Widtsoe, a member of the Quorum of the Twelve Apostles, debunked the more-women-than-men myth, but many members continue to use it. Plural marriage has been a subject of wide and frequent comment. Members of the Church unfamiliar with its history, and many non-members, have set up fallacious reasons for the origin of this system of marriage among the Latter-day Saints. The most common of these conjectures is that the Church, through plural marriage, sought to provide husbands for its large surplus of female members.
The play opens with the chorus reciting a poem. Then, in the opening dialogue, Shakespeare spices his writing with puns and double-entendres, as when the servants Sampson and Gregory make veiled sexual references: The quarrel is between our masters and us their men.
The heads of the maids? Ay, the heads of the maids, or their maidenheads; take it in what sense thou wilt. Mercutio, a brilliant punster and shaper of imagery, uses his way with words to criticize the stupidity of the feuding families and the folly of blind passion.
Sometimes, a single passage he speaks contains a gamut of language The secret lion essay example. Note, for example, the following prose passage, spoken when he sees Romeo approaching.
Now is he [Romeo] for the numbers [poems] that Petrarch flowed in: Signior Romeo, bon jour! Perhaps the most famous oxymoron in the play is the one occurring in the last two words of this line: An oxymoron consists of two contradictory words occurring one after the other.
A paradox consists of contradictory words separated by intervening words. In the second scene of Act 3, when Juliet criticizes Romeo for killing Tybalt while praising him as her beloved, she manages to squeeze in six oxymorons and four paradoxes: Beautiful tyrant oxymoron, line 80 Fiend angelical oxymoron, line 80 Dove-feather'd raven oxymoron, line 81 Wolvish-ravening lamb oxymoron, line 81 Damned saint oxymoron, line 84 Honourable villain oxymoron, line 84 Despised substance of divinest show paradox, line 83 Spirit of a fiend in moral paradise of such sweet flesh paradox, lines Book containing such vile matter so fairly bound paradox, lines Deceit should dwell in such a gorgeous palace paradox, lines Examples of Other Figures of Speech Alliteration Alliteration is the repetition of consonant sounds at the beginning of syllables, as indicated by the boldfaced letters below.
Bid a sick man in sadness make his will 1. Therefore, she does not alliterate with stay and siege. These griefs, these woes, these sorrows make me old. Here is an example in which Juliet addresses the night.
Come, civil night, Thou sober-suited matron, all in black. Use of bite and like in a line of poetry constitutes assonance. Like repeats the "i" sound of bite but not the consonant sound "t" that follows the "i. When he bestrides the lazy-pacing cloud 2. In simpler terms, the audience or reader is aware of a plot development of which a character is unaware.
An example of this figure of speech occurs in the fifth scene of Act 3 lines when Juliet pretends to her mother that she hates Romeo for killing Tybalt and that she desires vengeance. The audience well knows, of course, what Lady Capulet does not: Another example occurs when Romeo sees the body of Juliet at the Capulet tomb site.
He believes she is dead, although he notices that her face is still lifelike.
Metaphor A metaphor is a comparison between unlike things. In making the comparison, it does not use like, as, or than. Note the following examples. Some apostrophes are also personifications.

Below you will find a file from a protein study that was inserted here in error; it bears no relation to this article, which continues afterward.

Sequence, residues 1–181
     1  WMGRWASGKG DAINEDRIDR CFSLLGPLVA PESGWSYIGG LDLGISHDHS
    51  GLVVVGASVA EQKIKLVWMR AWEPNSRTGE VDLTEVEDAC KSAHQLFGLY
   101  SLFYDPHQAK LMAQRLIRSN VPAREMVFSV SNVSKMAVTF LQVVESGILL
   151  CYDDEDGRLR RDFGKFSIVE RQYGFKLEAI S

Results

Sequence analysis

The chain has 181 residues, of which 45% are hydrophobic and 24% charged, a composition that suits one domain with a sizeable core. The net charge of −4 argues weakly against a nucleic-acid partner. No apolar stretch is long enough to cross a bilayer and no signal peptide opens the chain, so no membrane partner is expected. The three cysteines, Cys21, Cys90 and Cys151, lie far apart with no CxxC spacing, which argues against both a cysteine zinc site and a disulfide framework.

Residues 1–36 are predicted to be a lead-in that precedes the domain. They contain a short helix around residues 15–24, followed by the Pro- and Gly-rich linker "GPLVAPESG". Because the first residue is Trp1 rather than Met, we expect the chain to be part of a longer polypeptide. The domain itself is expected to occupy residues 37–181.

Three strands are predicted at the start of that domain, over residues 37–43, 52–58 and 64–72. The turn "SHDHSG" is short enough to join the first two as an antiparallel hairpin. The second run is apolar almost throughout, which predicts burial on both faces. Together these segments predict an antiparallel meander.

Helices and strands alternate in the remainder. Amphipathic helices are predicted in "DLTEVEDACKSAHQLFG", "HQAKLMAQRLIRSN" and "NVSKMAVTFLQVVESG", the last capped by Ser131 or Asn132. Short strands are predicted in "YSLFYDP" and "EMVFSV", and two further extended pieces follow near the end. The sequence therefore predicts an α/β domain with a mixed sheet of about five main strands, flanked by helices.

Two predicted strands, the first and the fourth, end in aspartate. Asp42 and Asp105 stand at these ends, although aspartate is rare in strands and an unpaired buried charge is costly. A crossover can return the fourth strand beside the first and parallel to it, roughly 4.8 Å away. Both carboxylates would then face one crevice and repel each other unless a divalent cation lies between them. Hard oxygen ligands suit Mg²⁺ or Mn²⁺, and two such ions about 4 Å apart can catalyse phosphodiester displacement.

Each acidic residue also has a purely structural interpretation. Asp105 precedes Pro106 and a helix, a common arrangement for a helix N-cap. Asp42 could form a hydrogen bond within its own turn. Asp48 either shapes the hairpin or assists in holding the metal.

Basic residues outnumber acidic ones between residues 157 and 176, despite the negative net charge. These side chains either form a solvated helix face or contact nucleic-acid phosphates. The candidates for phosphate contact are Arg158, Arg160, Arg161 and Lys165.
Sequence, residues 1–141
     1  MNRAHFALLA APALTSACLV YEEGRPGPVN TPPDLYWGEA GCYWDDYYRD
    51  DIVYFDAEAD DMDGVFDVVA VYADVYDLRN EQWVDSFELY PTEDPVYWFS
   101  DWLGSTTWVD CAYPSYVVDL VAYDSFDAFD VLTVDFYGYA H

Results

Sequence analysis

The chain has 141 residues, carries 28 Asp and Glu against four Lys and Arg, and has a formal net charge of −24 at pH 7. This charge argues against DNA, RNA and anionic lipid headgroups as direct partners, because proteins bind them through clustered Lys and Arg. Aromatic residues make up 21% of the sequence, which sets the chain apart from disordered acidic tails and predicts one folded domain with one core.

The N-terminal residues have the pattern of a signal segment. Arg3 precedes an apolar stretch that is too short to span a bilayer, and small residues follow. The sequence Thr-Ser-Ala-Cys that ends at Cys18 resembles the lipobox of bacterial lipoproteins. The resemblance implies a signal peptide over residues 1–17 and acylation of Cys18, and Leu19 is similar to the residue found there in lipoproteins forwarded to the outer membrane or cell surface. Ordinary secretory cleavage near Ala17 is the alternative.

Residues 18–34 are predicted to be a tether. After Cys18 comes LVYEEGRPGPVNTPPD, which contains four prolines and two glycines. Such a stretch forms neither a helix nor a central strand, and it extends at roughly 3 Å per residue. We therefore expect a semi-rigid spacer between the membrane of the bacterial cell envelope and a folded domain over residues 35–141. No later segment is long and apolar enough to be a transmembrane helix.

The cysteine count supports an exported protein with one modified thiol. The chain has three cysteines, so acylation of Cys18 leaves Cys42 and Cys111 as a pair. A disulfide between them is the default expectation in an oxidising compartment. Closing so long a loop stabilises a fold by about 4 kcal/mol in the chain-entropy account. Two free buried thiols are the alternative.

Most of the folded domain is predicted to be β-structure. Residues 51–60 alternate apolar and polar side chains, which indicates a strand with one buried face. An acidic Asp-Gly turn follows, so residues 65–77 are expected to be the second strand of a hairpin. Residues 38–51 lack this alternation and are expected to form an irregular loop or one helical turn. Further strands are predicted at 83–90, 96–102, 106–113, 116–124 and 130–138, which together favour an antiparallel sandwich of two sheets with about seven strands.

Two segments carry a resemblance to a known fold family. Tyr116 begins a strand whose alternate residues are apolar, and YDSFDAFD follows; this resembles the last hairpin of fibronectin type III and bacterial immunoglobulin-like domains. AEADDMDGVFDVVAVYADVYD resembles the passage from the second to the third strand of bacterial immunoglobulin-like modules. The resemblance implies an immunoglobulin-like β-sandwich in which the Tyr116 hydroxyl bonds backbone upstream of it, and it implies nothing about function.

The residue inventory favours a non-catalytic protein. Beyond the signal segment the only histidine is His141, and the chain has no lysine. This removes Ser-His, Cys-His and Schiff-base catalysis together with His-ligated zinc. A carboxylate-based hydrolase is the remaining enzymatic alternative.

Following are examples of personification from Romeo and Juliet. This comparison is also an example of apostrophe. Shakespeare was particularly adept at creating vivid imagery. Light and Darkness Perhaps the most memorable imagery in the play centers on figures of speech involving light and darkness.
Following are examples of such imagery. There are two paradoxes: It is the east, and Juliet is the sun. Arise, fair sun, and kill the envious moon, Who is already sick and pale with grief, That thou her maid art far more fair than she.
When the sun draws back curtains to reveal dawn, Romeo goes home. Worms' meat, a metaphor referring to his body, means that Mercutio knows he is about to die and that worms will feed on his flesh after he is buried. Nevertheless, the apothecary agrees to sell Romeo a dram of it.A.
Abducted by barnweddingvt.com aliens in these legends are not men from outer space but the underground folk: fairies, trolls, elves, and the like. The Recovered Bride (Ireland). A Kid's Life: Alberto Alvaro Rios's "The Secret Lion". "The Secret Lion" depicts two twelve year old kids as adventurous young voyagers that want to find out what's so good about things adults keep from them.
The author, Alberto Alvaro Rios, shows the reader how a child can take something small and 3/5(5). LOUIS ARMSTRONG. Louis Armstrong WWI Draft Registration Card 12th September Louis Armstrong believed all his life that he was an All-American jazz boy, born on the Fourth of July, THE SECRET DOCTRINE: THE SYNTHESIS OF SCIENCE, RELIGION, AND PHILOSOPHY.
by H. P. BLAVATSKY, Author of "ISIS UNVEILED." "There is no Religion higher than Truth.". In the short story The Secret Lion, Alberto Alvaro Rios uses literary elements to communicate his theme or message. Rios introduces the reader to two young boys who have just entered junior high and are suddenly met with drastic change.
Introduction There are no precise, reliable statistics on the amount of computer crime and the economic loss to victims, partly because many of these crimes are apparently not detected by victims, many of these crimes are never reported to authorities, and partly because the losses are often difficult to .